Jun 21, 2011
By Trevor Shewfelt, Pharmacist at the Dauphin Clinic Pharmacy
I had a job in high school walking malamutes. Youve probably seen huskies. Huskies are dogs bred to pull sleds with people on them. Malamutes look like large huskies. Malamutes are bred to pull freight sleds. They are very bid and strong. My job involved going to the owners house, meeting up with another high school kid, and then wed each walked one of the malamutes. The males name was Buck and the females was Shadow. One day I got to the house and got leases on Buck and Shadow, but my walking partner was late. I got impatient, put both leashes around my waist and set off. I got to the end of the driveway when Buck saw another dog. Suddenly I was being towed rapidly down the icy street. I kept my feet under me for a while, but soon I was being pulled head long towards an unfortunate dog.
So what did I do wrong? I was getting exercise, which is good. I was earning some money, which is good. But I was impatient and didnt take the basic safety precaution of having one dog walker per dog. The same is true for sun exposure. Everyone is heading outside with the return of some nice weather. Fresh air is great for you and so is the exercise. But getting too much sun is not good. Too much sun can damage your skin. And damage to your skin from the sun can add up. Sun exposure can lead to serious problems like skin cancer.
The sun emits radiation across the entire electromagnetic spectrum, from radio waves to X-rays. The part of the spectrum we are interested in are the Ultra-violet wavelengths. There are 2 types of UV radiation we talk about with skin damage, UVA and UVB. Sun burn is most often caused by UVB. UVA & UVB can both cause premature skin aging, sunburn and skin cancer.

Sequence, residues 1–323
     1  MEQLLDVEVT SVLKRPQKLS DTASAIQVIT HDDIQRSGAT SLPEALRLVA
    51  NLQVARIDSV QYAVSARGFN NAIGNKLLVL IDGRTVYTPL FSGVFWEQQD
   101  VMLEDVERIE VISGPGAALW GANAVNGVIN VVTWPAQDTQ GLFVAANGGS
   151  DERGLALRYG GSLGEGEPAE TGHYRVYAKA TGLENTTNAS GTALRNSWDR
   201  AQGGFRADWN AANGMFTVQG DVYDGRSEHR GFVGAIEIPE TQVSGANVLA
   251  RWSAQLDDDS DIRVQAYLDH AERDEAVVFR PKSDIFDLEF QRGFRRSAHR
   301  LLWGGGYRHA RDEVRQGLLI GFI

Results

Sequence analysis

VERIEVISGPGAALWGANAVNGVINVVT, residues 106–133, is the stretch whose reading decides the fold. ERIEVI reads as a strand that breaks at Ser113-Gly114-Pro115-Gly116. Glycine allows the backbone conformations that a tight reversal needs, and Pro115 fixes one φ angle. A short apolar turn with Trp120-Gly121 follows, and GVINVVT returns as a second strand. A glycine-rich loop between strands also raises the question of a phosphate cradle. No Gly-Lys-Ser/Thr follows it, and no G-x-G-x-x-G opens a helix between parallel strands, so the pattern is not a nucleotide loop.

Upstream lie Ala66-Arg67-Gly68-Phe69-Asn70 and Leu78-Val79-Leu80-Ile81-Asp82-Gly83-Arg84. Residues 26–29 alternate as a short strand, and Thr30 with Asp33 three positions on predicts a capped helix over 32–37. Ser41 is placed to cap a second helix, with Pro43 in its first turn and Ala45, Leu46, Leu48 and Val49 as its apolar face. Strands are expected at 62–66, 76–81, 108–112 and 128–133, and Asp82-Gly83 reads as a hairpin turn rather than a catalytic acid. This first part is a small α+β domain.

The Food and Drug Administration in the US is going to require changes in the labeling of sunscreens within the next year. In the US sunscreens will no longer be labeled Sunblock, and they cant claim immediate protection upon application. The FDA thinks sunblock implies too much protection. If the sunscreen protects against both UVA and UVB and has an SPF of 15 or greater, it can be labeled as Broad Spectrum. The FDA also wont allow a sunscreen to claim an SPF of greater than 50 as they feel there is no evidence that numbers above 50 have any real meaning. Sunscreens wont be able to say they are water proof or sweat proof. The will only be able to say they are water resistant. The label must state how long they are water resistant for. The two labeling options will be water resistant for 40 minutes or water resistant for 80 minutes.
From the point of view of preventing skin cancer, the best thing to do would be for everyone to lock themselves into a dark closet and only come out at night. But since not all of us have comfortable walk-in closets, here are some more practical suggestions.
- Avoid the sun when it is most intense. These are between the hours of 10 am and 4 pm.
- Wear a sunscreen with an SPF of 15 or greater that protects against both UVA and UVB
- Reapply sunscreen every 2 hours when outdoors, especially after swimming or sweating heavily.
- Wear a hat with a wide brim and long-sleeved shirt.
I got lucky with Buck and Shadow. At first, I was terrified when Buck caught the poor dog, and shook it around by the throat for a few seconds. But, Buck released the dog unharmed and it ran away home. Even though they dragged me down the street, and Buck caught the dog he was chasing, everything ended well. But you shouldnt rely on luck to protect you. A little sunscreen now before you hurry out the door into the sunshine, could prevent the malamute sized bite of skin cancer later.
FDA Sunscreen labeling rules: www.fda.gov/downloads/ForConsumers/ConsumerUpdates/UCM258910.pdf
Malamutes : www.malamute.org/index_Info.htm
As always if you have any questions or concerns about these or other products, ask your pharmacist.
The information in this article is intended as a helpful guide only. It is not intended to be used as a substitute for professional advice. If you have any questions about your medications and what is right for you see your doctor, pharmacist or other health care professional.
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